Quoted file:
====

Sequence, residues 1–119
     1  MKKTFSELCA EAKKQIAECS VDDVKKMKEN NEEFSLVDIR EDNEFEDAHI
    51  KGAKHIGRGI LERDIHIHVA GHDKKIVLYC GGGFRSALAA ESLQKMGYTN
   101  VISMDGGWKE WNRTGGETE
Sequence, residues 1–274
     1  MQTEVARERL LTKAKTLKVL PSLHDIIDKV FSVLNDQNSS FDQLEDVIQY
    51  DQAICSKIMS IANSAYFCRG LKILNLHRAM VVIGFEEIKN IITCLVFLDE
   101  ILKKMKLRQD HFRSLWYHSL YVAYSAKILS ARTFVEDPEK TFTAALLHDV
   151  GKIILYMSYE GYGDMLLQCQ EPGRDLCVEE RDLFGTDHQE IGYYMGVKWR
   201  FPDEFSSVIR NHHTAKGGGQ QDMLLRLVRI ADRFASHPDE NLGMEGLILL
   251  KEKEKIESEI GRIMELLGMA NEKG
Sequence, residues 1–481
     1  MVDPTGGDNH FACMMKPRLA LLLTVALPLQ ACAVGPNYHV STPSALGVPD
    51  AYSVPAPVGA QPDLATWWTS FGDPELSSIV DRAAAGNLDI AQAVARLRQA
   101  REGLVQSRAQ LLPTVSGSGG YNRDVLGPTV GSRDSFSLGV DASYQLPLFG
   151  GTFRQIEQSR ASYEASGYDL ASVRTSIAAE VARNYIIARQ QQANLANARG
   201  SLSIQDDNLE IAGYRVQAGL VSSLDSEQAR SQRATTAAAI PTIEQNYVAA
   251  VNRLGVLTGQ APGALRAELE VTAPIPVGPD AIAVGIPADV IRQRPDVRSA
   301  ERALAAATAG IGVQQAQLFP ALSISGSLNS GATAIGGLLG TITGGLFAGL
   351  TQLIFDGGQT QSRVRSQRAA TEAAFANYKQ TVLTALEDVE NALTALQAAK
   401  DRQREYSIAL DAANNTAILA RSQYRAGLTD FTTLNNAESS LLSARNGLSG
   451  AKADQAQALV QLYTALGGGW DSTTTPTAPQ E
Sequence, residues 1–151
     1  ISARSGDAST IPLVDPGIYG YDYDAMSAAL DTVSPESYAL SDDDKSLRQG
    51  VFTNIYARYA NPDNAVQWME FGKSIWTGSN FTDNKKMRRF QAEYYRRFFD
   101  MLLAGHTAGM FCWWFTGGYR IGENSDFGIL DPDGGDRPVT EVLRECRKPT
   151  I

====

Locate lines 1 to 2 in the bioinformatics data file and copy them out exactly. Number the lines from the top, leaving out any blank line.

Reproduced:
Sequence, residues 1–119
     1  MKKTFSELCA EAKKQIAECS VDDVKKMKEN NEEFSLVDIR EDNEFEDAHI